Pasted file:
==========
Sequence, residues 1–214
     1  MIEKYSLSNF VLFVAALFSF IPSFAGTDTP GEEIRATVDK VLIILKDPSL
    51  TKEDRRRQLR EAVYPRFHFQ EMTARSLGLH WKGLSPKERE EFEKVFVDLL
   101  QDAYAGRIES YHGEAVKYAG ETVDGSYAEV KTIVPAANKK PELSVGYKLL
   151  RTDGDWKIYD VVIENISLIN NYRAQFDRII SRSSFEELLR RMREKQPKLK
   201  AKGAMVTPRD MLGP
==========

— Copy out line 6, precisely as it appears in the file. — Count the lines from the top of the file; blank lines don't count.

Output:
   201  AKGAMVTPRD MLGP